But it wasn’t all a Deep State chucklefestival. Two graphic films depicting nuclear annihilation, Threads (1983) and The Day After (1984) reminded everybody just how close to MAD Oceania and Eastasia were getting. Tensions were ratcheted to the breaking point: The Soviet economy was teetering; the Berlin Wall fell five years later; the USSR crumbled and Gorbachev eventually gave way to the Russian Trump — Boris Yeltsin. Oceania giddyupped into Eastasia with strings-attached das kapital shortly thereafter. Not every Muscovite was gleeful to see the Golden Arches roll into town, driven by the clown-Christ of capitalism, Ronald McDonald. Nyet, some nationalists griped, while scarfing down a Quarterpounder™ with cheese — and borschtroot — and condemblating how to meddle in future American helectoral process.

    Thirty five years later, we have our own clown-Christ of capitalism, pre-kompromised, installed in the Oval Office, the result of, US intelligence agencies allege, Russian interference in the 2016 presidential election. Since then, a form of sado-masochistic paranoia seems to have gripped the nation — the president (“Fake News”), the MSM (“Putin’s Puppet”), the People (“they looked left, they looked right, but they couldn’t tell the difference”). In his new biography, The Ministry of Truth, Dorian Lynskey notes that just four days after Trump’s 2017 Inauguration, “US sales of [Nineteen Eighty-Four rocketed] by almost 10,000 per cent, making it a number-one best seller.”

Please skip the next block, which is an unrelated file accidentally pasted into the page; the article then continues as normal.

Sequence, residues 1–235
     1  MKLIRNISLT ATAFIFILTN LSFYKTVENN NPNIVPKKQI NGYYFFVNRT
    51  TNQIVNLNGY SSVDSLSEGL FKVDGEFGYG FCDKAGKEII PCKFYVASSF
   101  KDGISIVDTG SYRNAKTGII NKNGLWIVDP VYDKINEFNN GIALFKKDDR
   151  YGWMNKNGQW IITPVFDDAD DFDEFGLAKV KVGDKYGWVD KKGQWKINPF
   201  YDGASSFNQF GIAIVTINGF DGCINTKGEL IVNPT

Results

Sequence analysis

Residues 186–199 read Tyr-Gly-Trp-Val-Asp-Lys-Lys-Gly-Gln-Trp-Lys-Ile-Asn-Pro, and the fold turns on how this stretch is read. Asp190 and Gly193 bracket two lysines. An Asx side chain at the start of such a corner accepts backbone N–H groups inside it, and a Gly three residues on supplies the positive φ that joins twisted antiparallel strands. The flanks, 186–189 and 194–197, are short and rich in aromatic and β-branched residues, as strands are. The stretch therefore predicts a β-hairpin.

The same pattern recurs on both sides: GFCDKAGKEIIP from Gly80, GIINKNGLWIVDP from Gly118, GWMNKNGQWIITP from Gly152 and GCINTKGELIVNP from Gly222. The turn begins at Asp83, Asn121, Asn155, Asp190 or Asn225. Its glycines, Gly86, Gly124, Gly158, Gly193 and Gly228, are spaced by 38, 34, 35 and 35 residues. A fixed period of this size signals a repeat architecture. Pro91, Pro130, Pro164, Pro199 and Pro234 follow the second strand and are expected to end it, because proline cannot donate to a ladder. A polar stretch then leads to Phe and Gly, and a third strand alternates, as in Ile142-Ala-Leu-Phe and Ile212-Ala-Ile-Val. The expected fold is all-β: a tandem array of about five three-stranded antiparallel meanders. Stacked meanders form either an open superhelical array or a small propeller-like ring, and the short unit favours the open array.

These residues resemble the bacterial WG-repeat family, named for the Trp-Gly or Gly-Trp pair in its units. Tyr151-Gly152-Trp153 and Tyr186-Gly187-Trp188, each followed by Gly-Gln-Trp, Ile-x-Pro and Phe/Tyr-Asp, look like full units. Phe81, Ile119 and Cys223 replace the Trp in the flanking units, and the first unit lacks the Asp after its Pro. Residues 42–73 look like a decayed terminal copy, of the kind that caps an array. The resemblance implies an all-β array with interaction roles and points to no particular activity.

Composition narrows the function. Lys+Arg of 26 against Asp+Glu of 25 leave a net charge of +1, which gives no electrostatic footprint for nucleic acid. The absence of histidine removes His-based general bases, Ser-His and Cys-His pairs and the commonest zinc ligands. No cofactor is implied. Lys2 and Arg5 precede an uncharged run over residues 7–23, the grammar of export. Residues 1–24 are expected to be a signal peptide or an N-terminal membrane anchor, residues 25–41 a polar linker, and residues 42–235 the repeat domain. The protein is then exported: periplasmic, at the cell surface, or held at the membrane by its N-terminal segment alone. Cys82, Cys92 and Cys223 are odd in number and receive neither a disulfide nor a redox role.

Lynskey attributes this panic-driven sales soar to claims by the new administration that Trump attracted the “‘largest audience to ever witness an inauguration — period — both in person and around the globe.’” It was a wild claim, immediately debunked by the MSM, but doubled down on by Trump adviser, Kelly Anne Conway, who dismissed the glaring evidence and pronounced that the new administration would be opting to go with “alternative facts.” Alarm bells went off across the media frontier. As Lynskey’s citing of the statistic suggests, this sounded an awful lot like the “doublethink” gobbledygook of Orwell’s totalitarian nightmare, Nineteen Eighty-Four. If people were going to be living in a parallel universe, they wanted to know what to expect.